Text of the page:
It’s a constant phrase that’s thrown out in this world today, because in today’s society, individuals want to see positive growth at a faster pace than ever before.
However, when a program has between 50 to 95 players on its roster, it can be a hard sell to get each of your players to buy in and create that positive growth.
That is, of course, if one doesn’t have positive leadership with which to work with.
The West Senators’ and Wheelersburg Pirates’ football programs, however, do not have such a problem — because the leaders at the top of their programs are as strong in their work ethic off of the field as they are with their play on the football field.
That was proven at the 2018 State Powerlifting Meets that took place earlier this spring in Kenton as West’s Josh Berry and Wheelersburg’s Mason Johnson each won state championships, with Berry, who competed up a class in the 175-pound weight division, winning the Division I through IV state title by accumulating a combined lift total of 1,205 pounds and Johnson taking home the Division V through VIII state crown by notching a mark of 1,030 pounds in the 155-pound weight division. Sid Shifflet made his own mark by adding in a lift of 1,175 pounds in the Division I through IV 210-pound weight division to finish fifth as both programs showed where their on-the-field success came from — via their work in the weight room — in early March.
For all three student-athletes, the totals accumulated in the weight room brought joy, and relief, to each of their minds and hearts.
“It’s been a long time goal of mine since my older brother (John) won it his junior year, also,” Berry said. “It’s kind of ironic that we did it under the same coach in the same class.”
“It feels pretty good,” Shifflet said. “It’s something that we’ve been working for a long time, and we finally got to do it.”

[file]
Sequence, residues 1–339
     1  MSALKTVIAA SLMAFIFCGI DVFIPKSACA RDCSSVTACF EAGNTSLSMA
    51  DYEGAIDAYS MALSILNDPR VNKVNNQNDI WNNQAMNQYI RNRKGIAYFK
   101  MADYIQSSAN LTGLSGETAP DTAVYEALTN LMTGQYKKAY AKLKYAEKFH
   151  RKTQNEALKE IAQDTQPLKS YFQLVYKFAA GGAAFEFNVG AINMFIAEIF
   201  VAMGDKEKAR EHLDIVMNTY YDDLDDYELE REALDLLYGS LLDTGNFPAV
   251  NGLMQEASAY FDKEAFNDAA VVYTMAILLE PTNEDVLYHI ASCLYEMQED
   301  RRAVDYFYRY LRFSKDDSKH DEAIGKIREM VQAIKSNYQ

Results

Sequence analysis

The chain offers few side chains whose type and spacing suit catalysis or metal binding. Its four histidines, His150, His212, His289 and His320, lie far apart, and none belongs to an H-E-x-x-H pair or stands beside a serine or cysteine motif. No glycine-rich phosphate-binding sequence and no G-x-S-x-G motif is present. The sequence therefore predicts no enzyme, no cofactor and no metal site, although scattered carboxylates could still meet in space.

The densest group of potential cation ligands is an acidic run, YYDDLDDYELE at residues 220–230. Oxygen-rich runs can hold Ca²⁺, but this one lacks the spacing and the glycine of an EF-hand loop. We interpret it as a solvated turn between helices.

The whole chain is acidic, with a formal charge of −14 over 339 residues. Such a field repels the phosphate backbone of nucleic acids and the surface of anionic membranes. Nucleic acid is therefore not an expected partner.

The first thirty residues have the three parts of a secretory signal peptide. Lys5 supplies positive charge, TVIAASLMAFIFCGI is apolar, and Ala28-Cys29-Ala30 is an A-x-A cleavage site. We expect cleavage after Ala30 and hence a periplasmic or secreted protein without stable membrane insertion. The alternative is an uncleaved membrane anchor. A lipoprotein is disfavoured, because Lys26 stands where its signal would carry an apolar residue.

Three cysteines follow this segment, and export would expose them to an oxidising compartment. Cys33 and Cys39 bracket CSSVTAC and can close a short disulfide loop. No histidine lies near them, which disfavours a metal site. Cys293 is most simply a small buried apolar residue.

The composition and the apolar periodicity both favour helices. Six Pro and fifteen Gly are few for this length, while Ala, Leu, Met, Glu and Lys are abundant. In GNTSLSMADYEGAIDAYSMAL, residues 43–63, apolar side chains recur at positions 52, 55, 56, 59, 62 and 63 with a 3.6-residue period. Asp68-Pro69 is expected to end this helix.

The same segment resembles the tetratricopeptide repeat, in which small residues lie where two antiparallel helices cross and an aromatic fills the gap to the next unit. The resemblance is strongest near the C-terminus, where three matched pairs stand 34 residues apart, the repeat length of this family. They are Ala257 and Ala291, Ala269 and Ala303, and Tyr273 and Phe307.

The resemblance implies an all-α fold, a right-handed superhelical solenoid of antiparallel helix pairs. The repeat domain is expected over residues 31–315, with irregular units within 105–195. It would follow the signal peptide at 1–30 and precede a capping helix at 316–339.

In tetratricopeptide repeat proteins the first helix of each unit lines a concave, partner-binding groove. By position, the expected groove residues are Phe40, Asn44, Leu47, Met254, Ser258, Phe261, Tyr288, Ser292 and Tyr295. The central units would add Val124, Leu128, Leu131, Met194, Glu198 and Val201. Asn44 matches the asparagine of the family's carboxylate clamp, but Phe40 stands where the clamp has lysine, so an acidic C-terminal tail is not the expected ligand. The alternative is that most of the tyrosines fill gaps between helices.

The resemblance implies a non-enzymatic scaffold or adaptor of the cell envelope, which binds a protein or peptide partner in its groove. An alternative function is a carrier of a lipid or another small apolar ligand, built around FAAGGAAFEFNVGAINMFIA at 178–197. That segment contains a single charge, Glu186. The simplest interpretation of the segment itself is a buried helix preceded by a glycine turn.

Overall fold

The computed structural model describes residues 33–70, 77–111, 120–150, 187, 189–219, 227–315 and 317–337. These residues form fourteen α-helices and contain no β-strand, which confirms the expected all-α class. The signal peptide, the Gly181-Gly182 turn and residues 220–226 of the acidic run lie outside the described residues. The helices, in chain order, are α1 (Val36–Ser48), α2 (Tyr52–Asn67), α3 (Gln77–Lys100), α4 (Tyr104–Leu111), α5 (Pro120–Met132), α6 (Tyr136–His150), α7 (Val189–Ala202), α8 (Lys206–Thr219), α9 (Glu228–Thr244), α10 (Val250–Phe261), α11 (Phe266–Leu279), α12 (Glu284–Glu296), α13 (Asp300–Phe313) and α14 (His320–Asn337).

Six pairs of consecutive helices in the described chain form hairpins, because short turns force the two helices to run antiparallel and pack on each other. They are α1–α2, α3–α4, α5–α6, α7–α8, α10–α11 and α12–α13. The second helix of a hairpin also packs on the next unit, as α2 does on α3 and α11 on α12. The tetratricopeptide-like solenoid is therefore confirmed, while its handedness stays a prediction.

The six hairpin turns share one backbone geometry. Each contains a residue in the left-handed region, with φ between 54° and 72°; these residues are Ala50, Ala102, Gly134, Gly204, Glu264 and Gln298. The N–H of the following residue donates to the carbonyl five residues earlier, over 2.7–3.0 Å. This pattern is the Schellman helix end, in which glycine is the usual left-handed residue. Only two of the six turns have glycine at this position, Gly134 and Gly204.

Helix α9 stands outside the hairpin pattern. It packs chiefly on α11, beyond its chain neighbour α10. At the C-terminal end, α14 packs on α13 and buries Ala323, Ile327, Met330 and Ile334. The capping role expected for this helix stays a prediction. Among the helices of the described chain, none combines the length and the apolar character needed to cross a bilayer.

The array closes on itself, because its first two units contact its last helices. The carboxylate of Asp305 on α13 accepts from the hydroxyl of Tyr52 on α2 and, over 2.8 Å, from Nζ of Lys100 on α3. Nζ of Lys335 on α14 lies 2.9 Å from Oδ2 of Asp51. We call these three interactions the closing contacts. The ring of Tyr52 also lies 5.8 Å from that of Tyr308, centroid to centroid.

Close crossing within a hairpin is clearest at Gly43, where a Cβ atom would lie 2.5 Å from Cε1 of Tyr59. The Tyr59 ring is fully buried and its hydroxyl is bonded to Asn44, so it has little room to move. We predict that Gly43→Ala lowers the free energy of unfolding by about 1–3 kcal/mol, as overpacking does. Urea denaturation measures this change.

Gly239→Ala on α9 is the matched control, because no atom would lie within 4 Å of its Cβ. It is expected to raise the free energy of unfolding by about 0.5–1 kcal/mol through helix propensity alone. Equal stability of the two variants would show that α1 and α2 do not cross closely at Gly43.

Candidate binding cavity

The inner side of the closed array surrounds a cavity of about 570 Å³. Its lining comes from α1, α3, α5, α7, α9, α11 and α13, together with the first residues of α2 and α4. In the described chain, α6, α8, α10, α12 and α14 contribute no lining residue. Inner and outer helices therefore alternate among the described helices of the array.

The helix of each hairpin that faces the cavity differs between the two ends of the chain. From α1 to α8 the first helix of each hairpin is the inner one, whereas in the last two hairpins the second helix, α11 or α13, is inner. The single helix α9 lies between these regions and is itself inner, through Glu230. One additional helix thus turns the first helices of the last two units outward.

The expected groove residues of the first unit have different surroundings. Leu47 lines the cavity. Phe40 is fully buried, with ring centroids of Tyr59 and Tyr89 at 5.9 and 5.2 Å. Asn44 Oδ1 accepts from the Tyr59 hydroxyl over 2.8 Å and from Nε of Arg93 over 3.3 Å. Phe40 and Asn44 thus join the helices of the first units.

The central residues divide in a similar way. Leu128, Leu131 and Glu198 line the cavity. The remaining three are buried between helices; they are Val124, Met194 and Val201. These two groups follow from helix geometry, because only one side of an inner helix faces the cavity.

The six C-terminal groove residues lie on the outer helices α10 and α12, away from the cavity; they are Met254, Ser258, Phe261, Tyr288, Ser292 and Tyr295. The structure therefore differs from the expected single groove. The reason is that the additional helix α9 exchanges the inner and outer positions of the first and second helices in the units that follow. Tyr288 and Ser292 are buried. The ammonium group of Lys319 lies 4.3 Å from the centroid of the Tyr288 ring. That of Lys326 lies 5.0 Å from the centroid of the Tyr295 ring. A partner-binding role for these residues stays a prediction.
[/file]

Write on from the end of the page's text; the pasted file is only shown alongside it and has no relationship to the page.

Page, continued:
“It was a relief,” Johnson said. “A lot of hard work and time has been put in, not only by me, but by my teammates and my coaches.”
However, the results that the trio have put together are no surprise to West head football coach Ben Johnson or Wheelersburg head football coach Rob Woodward.
“They are the leaders,” Johnson said of Berry and Shifflet. “Everybody’s looking to them. They set the example. They go above and beyond, and lead by example.”
“Mason’s done an outstanding job of just finding a niche,” Woodward said. “He’s really found a way to utilize his talents and contribute to our football program. He’s pound-for-pound, one of the strongest guys that’s ever been in our weight room.”
And with their work in the weight room, it’s no surprise that the pair contributed in a heavy fashion for two successful programs.
Berry and Shifflet, who started in every game that they played in during the 2017 season, were dependable threats who could be relied on in a pinch.
Before suffering a season ending injury to his collarbone, Berry was well on his way to an All-State campaign as the junior racked up 538 total yards and four touchdowns on offense and made 63 tackles, four sacks, three interceptions, and a fumble recovery, while Shifflet, who played the entire duration of the year, caught three passes for 23 yards and two touchdowns while notching two sacks and a fumble recovery. Each was a critical component to arguably the most improved football team in Southeast Ohio as West went from 3-7 in 2016 to 10-2 last season.
“Both of those guys are huge, key components that we have coming back in 2018,” Johnson said. “Both of them are very versatile. They can play just about any position out on the football field, and are willing to, for the team. Their work ethic is evident with the results that they’ve obtained in the weight room.”
While Johnson didn’t get the same amount of repetitions that Berry or Shifflet did, the defensive lineman, despite his 5-9 stature, made a critical impact for the Pirates in 2017. Johnson, who could arguably be referred to as the personification of what Wheelersburg football is all about, obtained 14 tackles, a sack, and a quarterback hurry for the Division V State Champions.
“He’s got a motor,” Woodward said. “He’s got a quickness and explosiveness about him.”